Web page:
U.S Mortgage Rates Hold Steady, While Applications Fall Again

While the rise in mortgage rates has pressured lower income household disposable incomes, a continued tightening in labor market conditions, an improvement in economic indicators and an easing in inflationary pressures remain positives for the housing sector ahead of peak buying season in the U.S.

Adding to the upside for the housing market remains weak inventory numbers, though the decline in mortgage applications in April in early May will be of some concern. While the upward trend in mortgage rates would have contributed to the fall in applications, slower new construction activity attributed to a shortage of skilled labor and rising material costs would have also been a factor.

Freddie Mac weekly average rates for new mortgages as of 10th May were quoted to be:

  • 30-year fixed rate loan was unchanged at 4.55% last week, while up from 4.05% a year ago.
  • 15-year fixed rates slipped from 4.03% to 4.01% last week, while up from 3.29% from a year ago.
  • 5-year fixed rates rose from 3.69% to 3.77% over the week, while up from last year’s 3.14%.

Mortgage Bankers’ Association Rates for the weekend ending 9th May were quoted to be:

  • Average interest rates for 30-year fixed, backed by the FHA fell from 4.81% to 4.80%, sitting close to last week’s highest level since Jul-11.
  • The average interest rate for 30-year fixed with conforming loan balances eased from 4.80% to $4.78%.
  • Average 30-year rates for jumbo loan balances slipped from 4.69% to 4.65%.

Weekly figures released by the Mortgage Bankers Association showed that the Market Composite Index, which is a measure of mortgage loan application volume, fell by 0.4%, following the previous week’s 2.5% fall week-on-week. The fall coming off the back of the continued uptrend in mortgage rates.

The Refinance Index also fell, down 1%, following the previous week’s 4% fall, with the refinance share of mortgage activity falling further to 36.3% of total applications, the lowest level since Sep-08 and down from the previous week’s 36.5%, the downward trend continuing.

The MBA’s Builder Applications Survey for April, released on Thursday, showed that mortgage applications for new home purchases fell by 5% when compared with March 2018, while rising by 7.5% when compared with April 2017. The uptrend in mortgage rates through April, which contributed to a downward trend in the MBA’s Market Composite Index through April and early May, weighing on applications ahead of the peak home buying season.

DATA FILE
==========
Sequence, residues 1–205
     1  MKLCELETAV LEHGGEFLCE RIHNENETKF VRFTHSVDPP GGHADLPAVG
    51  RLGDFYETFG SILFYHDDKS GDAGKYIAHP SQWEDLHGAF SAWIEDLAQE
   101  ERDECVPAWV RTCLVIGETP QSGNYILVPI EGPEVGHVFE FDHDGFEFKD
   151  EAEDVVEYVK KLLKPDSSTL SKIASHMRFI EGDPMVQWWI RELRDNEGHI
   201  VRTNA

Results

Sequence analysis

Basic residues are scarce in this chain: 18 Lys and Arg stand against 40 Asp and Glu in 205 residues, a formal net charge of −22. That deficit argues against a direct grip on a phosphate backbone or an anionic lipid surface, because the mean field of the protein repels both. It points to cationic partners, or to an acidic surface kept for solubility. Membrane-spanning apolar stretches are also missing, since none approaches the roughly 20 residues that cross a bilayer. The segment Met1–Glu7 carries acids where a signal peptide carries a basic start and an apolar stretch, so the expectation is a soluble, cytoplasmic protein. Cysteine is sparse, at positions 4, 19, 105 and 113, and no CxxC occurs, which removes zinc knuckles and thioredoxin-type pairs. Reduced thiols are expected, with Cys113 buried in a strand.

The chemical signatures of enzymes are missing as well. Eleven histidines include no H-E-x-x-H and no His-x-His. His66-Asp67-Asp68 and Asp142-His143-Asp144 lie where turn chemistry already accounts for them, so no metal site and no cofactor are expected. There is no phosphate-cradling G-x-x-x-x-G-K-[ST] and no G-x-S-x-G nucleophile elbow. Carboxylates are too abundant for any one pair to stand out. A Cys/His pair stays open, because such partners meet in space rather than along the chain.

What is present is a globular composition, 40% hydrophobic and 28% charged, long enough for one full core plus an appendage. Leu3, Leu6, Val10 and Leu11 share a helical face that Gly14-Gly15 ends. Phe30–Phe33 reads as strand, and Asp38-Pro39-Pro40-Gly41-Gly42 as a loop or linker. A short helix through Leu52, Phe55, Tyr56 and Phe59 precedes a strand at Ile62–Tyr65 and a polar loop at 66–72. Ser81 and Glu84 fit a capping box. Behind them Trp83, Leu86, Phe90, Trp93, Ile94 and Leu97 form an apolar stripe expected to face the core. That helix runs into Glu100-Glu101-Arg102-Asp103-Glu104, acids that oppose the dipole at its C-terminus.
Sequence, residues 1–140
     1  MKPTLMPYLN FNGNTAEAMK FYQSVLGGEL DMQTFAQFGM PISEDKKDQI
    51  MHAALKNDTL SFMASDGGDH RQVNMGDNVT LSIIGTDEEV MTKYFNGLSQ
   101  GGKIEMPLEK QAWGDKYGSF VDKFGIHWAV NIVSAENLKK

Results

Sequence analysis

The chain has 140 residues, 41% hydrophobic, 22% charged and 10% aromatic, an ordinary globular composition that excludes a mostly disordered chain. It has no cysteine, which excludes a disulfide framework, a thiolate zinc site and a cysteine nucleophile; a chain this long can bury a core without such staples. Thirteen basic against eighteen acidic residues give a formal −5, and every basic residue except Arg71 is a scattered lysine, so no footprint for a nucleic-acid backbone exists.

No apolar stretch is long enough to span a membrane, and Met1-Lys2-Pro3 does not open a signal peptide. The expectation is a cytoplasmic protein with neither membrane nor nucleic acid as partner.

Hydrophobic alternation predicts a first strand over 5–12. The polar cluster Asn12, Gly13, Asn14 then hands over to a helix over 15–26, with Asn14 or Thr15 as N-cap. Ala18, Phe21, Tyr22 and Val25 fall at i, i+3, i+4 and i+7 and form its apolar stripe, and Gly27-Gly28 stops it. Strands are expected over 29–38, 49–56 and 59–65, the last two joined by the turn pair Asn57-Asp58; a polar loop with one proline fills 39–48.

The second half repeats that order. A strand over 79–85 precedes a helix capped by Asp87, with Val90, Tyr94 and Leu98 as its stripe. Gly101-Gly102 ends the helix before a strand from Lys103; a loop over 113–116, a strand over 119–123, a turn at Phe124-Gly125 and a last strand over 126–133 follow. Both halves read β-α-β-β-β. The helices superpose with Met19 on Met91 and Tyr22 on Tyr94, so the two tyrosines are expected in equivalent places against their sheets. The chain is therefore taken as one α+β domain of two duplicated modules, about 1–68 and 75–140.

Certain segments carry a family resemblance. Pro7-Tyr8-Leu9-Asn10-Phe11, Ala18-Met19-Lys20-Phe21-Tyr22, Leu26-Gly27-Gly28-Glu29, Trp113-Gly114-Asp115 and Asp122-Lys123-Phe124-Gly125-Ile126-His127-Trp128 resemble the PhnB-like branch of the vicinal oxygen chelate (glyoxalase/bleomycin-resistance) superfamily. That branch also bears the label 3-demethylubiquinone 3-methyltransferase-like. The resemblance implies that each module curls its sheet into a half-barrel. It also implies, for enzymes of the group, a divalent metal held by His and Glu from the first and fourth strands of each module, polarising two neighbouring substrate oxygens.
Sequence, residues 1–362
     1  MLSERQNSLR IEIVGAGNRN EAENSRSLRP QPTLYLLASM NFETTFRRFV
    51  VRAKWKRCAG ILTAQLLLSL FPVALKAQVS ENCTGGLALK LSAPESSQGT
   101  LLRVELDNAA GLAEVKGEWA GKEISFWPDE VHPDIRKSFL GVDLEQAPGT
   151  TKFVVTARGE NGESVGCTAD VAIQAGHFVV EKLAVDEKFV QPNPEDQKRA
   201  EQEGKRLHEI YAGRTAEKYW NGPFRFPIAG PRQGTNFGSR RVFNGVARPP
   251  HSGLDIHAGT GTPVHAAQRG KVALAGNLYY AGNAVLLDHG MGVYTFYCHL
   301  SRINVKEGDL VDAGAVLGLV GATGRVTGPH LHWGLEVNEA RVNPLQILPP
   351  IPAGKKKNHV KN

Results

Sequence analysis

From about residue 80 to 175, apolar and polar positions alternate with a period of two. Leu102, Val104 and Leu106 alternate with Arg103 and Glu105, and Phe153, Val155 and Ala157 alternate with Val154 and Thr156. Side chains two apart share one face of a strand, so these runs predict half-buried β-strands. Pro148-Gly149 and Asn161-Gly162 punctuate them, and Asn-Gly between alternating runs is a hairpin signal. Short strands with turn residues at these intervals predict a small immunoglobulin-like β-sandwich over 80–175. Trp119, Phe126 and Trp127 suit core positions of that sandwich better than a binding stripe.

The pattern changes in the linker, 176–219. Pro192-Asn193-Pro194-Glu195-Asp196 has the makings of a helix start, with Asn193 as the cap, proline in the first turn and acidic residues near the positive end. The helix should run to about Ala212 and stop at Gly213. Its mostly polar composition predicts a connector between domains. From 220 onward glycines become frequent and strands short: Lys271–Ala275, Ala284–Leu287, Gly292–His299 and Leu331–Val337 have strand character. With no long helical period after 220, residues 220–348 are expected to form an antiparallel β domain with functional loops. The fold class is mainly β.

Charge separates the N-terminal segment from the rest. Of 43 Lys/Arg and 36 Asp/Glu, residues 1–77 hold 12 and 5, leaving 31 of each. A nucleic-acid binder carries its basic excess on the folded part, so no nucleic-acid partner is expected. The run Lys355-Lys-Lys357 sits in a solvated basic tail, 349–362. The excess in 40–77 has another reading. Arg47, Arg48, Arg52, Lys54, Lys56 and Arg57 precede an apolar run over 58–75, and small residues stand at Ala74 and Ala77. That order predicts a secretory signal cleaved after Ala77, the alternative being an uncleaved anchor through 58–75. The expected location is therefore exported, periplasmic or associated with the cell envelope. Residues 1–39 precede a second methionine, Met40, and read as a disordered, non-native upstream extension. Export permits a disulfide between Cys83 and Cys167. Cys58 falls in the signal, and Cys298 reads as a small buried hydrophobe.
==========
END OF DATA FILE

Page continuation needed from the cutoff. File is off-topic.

In spite of applications falling, the MBA reported on Wednesday that mortgage credit availability was unchanged in April, according to the Mortgage Credit Availability Index (MCAI). The MCAI held steady at 177.9.

While the MCAI held steady, the Conventional MCAI increased by 1.9%, while the Government MCAI fell by 1.4%. Of the component indices of the Conventional MCAI, the Jumbo MCAI increased by 4.4%, while the conforming MCAI fell by 0.9%.

The figures revealed that government credit tightened, while conventional credit availability improved in April, attributed to an expansion in jumbo credit.

The last 2-weeks would have given prospective buyers some respite, with softer than expected April inflation figures last week seeing 10-year Treasury yields ease back from 3%, though, with stats on the heavier side for the week ahead, yields could be on the move again. April retail sales figures due out on Tuesday will likely provide support, with U.S sanctions on Iran expected to continue to fuel oil prices, adding further inflationary pressures that should support an uptick in yields that would ultimately lead to a rise in mortgage rates.

For the week ahead, it’s not just the stats that will provide direction for U.S Treasuries and mortgage rates, with NAFTA talks, trade talks between the U.S and China, FOMC member speeches through the week and possible rising tension in the Middle East other factors to influence.

The U.S housing sector will also have April’s building permit and housing start figures released. Forecasted softer numbers are likely to add further pressure on inventories and mortgage applications, with the upswing in mortgage rates coinciding with an inventory shortage driven a rise in house prices, the combination forcing some home buyers out of the market while leading some to re-evaluate purchase prices and budgets.

For home buyers the fact that mortgage credit availability held steady will have been a positive, but when considering the fact that jump mortgage credit availability was behind the numbers, a tightening in credit availability for conforming loans suggests that lenders will have tightened credit lending conditions for lower-income families, with the outlook for mortgage rates likely to place further pressure on conforming credit availability.